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The arsonists were as busy as the looters. Firemen fought 1,037 blazes, six times the normal number, and received nearly 1,700 false alarms. They were set either to divert the attention of the cops or just for the fun of it. When the firemen showed up, their sirens screaming, the crowds pelted them with rocks and bottles. Of the fires, 65 were considered serious, including a store fire in Brooklyn at which 22 firemen were hurt. Another blaze began in a looted factory warehouse in Brooklyn, then leaped across the street to destroy four tenements and finally spread to two other houses. In all, 59 firemen were injured fighting the fires.
One of New York's worst-hit areas was a 14-block stretch of jewelry, clothing, appliance, furniture and other retail stores along Broadway in the Bushwick section of Brooklyn. Reported TIME'S Paul Witteman: "The evidence of looting was numbing. As firemen fought blazes from cherrypickers, the looters went about their business virtually unmolested. Occasionally they would step over to one of the fire trucks and drink water from a running outlet. Some of the more enterprising looters parked rented trucks on the side streets, engines running, and loaded up with couches, refrigerators, TV sets—the durable goods that will sell most easily on the black market. Periodically, when a rumor swept through the pack that the police were coming, the looters would break and run. But the police, outnumbered and fatigued, often did not try to chase them. When I left the area, it was burning, the flames taking what little the looters left behind."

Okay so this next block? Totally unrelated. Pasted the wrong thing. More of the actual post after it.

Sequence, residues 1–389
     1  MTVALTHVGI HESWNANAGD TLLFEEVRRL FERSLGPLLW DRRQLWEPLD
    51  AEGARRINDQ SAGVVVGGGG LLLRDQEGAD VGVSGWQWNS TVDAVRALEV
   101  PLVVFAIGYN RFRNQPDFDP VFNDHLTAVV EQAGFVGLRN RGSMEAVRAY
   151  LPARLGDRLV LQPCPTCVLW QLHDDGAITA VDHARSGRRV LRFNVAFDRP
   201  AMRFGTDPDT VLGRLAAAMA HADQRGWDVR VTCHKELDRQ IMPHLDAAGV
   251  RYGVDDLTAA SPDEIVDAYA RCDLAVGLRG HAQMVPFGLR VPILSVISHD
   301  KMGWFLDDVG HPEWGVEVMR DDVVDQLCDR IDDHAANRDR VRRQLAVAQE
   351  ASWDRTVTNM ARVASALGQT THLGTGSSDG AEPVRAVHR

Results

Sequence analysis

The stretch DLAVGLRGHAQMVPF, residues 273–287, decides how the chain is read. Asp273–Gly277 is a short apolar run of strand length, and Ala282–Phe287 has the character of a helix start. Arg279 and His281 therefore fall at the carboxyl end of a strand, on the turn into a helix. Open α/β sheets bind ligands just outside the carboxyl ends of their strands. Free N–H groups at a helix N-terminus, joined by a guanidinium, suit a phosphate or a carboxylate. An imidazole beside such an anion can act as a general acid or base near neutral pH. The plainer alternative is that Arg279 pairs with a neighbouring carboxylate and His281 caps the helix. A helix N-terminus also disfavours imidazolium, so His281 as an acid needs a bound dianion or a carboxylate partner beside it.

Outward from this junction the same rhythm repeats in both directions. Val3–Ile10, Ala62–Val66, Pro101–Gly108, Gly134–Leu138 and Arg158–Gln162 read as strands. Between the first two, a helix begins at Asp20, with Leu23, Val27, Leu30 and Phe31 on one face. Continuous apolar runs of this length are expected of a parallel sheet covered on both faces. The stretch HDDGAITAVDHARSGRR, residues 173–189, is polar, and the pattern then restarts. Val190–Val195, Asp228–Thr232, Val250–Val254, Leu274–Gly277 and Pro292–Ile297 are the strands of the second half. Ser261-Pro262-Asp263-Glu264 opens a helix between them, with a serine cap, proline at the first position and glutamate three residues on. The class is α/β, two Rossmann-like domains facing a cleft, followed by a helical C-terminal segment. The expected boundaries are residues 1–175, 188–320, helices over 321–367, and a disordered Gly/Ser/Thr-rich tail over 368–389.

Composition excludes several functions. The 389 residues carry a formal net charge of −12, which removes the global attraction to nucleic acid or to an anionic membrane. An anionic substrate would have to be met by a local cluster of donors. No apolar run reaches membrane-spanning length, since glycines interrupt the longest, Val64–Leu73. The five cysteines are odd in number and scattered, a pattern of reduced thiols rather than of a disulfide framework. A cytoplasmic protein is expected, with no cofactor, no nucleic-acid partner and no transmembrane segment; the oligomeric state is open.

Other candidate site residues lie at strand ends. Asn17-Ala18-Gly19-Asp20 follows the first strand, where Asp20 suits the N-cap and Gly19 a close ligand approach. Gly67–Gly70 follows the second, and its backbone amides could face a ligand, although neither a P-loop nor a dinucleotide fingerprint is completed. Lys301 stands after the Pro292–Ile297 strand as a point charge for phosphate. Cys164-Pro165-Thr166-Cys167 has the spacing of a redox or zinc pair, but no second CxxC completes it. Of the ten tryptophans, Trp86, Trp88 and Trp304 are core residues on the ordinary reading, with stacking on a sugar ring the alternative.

After touring the ravaged South Bronx, TIME Correspondent Mary Cronin reported: "Streams of black water from broken fire hydrants swept the residue of the looting into the middle of the streets. Burned-out delivery trucks, spilling their seats onto the pavement, blocked doorways. Twisted steel grilles—some yanked from storefronts with trucks that were then filled with loot—lay across sidewalks. In the new Fedco supermarket, shelves gleamed bare and white, while several inches of mashed produce, packages of squashed hamburger, rivers of melted ice cream, and broken bottles covered the floors. The stench was overpowering. Up to 300 stores were cleaned out in the neighborhood, and the next morning sheets of plywood covered most of their smashed windows. Said Policeman John Fitzgerald: 'There are only cops and crooks left here now.' "
In the South Bronx, along East Tremont Avenue, one of the few shopping areas left in the gutted slum, looters stole some $55,000 worth of goods from the huge R & M Furniture store. The next day its owner put out word that he would pay $25 for each TV set returned. Police learned from a tipster that a man had stashed swag in his basement. The cops entered without a search warrant and reclaimed about $2,000 worth of furniture. One of the invading cops admitted later with a laugh: "Now I can be arrested for a violation."
A number of looters were robbed in turn by other thieves, who clawed and wrenched away their booty.